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Second time charm for gorilla mom at Lincoln Park Zoo

BanawesternlowlgorillLincoln Park Zoo cuddles her baby which zoo officials have confirmed is girl named Patty. / phofrom Lincoln Park Zoo

Bana,a westernlowland gorilla at Lincoln Park Zoo, cuddles her baby, which zoo officials have confirmed is a girl and named Patty. / photo from Lincoln Park Zoo

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Updated: November 13, 2012 6:10PM

Less than a year after the tragic death of her firstborn, an endangered gorilla at Lincoln Park Zoo gave birth again, to a girl, putting mom among the “top dogs” in her social circle.

On Nov. 26, 2011, a nine-day-old western lowland gorilla born at the Near North Side zoo was found dead in the arms of its mother, Bana, and zoo staff called it a “tragic turn of events.”

But on Oct. 11, the now 18-year-old Bana gave birth to her second offspring, which zoo staff confirmed Tuesday was a girl they’ve named Patty in honor of a long-time zoo patron.

“Everything is going really well, as well as should be expected,” according to Maureen Leahy, curator of primates at the lakefront zoo. “Mom and pop are doing a very good job. They’re fun to watch.”

Mom is doing such a good job that it took more than a month to determine the baby’s gender; Bana holds Patty so closely the staff could not determine gender, a behavior that is not unusual, Leahy said.

“Bana is a great mom. She is doing exactly what we hoped — tenderly cuddle, nurse and care for her baby. It is not uncommon to have a clingy, very protective mom,” she said, a behavior that will continue for several months.

“It will be some time before baby can ride on mom’s back, at least six months,” Leahy said. “They are not too dissimilar from humans in that way, but in about 6 months she can cling to the back so mom can climb and baby hitch a ride.

“It will be several more months before she starts to crawl around on all fours and explore, about a year before she can be more independent.”

Bana came to Lincoln Park in 2010 from Brookfield Zoo specifically to mate with Kwan, a 22-year-old silverback gorilla who has been the father of both of her babies.

Their first attempt seemed to go well until the baby’s sudden death. A necropsy showed the baby died of “accidental head trauma,” Leahy said.

How did it happen?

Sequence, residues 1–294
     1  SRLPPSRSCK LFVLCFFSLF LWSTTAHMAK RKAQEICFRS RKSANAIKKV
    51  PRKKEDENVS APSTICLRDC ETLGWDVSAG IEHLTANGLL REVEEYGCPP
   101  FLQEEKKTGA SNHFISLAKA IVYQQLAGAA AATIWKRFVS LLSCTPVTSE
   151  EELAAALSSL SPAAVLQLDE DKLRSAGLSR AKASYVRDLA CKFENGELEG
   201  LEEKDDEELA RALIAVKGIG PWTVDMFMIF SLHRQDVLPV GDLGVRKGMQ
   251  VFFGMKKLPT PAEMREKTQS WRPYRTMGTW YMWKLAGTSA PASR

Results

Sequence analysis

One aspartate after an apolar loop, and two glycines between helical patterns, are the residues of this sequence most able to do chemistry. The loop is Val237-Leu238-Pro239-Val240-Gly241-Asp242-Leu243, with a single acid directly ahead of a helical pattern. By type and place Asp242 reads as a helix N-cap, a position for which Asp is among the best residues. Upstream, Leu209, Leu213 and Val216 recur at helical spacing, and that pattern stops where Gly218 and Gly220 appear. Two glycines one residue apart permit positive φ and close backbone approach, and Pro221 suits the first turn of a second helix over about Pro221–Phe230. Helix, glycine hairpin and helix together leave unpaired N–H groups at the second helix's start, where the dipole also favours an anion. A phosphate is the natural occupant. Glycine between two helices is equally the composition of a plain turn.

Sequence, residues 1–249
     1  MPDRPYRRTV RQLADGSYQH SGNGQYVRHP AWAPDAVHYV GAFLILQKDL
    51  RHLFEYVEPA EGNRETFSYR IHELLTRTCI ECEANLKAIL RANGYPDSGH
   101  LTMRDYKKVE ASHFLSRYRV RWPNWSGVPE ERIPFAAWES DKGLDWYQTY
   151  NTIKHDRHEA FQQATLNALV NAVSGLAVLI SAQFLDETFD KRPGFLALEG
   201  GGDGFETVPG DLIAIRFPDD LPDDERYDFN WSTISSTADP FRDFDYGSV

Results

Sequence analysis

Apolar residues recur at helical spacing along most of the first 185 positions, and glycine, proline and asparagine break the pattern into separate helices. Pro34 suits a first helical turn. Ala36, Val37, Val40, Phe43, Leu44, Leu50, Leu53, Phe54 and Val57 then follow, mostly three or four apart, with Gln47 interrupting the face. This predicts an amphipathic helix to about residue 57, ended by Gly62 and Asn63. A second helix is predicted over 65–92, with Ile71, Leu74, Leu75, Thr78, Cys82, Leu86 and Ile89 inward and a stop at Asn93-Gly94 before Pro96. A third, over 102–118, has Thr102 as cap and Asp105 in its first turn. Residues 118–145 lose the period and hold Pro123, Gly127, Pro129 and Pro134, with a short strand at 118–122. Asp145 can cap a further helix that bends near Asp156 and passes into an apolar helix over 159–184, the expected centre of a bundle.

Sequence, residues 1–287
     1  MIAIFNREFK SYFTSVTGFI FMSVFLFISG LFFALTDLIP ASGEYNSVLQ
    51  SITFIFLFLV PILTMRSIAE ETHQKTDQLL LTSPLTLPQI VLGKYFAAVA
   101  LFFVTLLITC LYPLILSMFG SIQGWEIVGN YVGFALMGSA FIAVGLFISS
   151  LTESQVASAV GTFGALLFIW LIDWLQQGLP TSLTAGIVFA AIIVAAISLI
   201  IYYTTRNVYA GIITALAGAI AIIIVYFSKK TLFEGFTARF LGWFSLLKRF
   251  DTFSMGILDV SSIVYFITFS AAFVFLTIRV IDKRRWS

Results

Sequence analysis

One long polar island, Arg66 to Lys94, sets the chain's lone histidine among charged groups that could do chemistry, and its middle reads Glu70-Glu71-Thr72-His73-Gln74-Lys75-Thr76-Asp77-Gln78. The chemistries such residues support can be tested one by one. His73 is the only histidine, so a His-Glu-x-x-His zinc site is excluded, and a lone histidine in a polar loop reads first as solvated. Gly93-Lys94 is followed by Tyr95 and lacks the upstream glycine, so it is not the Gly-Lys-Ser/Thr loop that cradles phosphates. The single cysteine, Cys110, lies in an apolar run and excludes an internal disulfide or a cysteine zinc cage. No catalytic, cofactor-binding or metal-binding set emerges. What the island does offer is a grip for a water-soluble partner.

“It’s hard to speculate,” she said. “It’s not uncommon for first-time mothers to lose their baby. It happens up to 40 percent of the time in the wild, and zoo data puts it at 20-25 percent.”

As with humans, giving birth to a second child within a year is not unusual for a gorilla, Leahy said.

“Gestation is about 8 1/2 months, and they are not seasonal breeders like some other mammals. Their reproductive cycles are much like humans.”

Also like humans, having a baby can add to the social status of the mother, Leahy said.

“New moms seem to develop more social confidence, so it is not uncommon for moms with babies to elevate their social status, to be more dominant and more respected,” Leahy said. “Bana’s social status is changing. Now she is among the top dogs.”

She has also been more confident about approaching zoo staff. “She now wants to engage with the zoo’s animal behavior and cognition scientists, something she never seemed interested in before,” Leahy said.

Patty, the 51st gorilla born at Lincoln Park Zoo, was named in honor of Patty Meyers, mother of Sally Meyers Kovler and mother-in-law of Jonathan Kovler, a Lincoln Park Zoo Life Trustee, according to a statement from zoo CEO Kevin Bell.

“The Kovler family is a long-standing and exceptionally generous supporter of Lincoln Park Zoo and its animals and facilities,” the statement said.

Zoo visitors can view Bana, Patty, Kwan and the rest of their group from 10 a.m. to 4:30 p.m. daily.

And she will be there for a while, Leahy said. Young gorillas stay close to their mother for four or five years until fully weaned, and its six or seven before they are ready to go out on their own.

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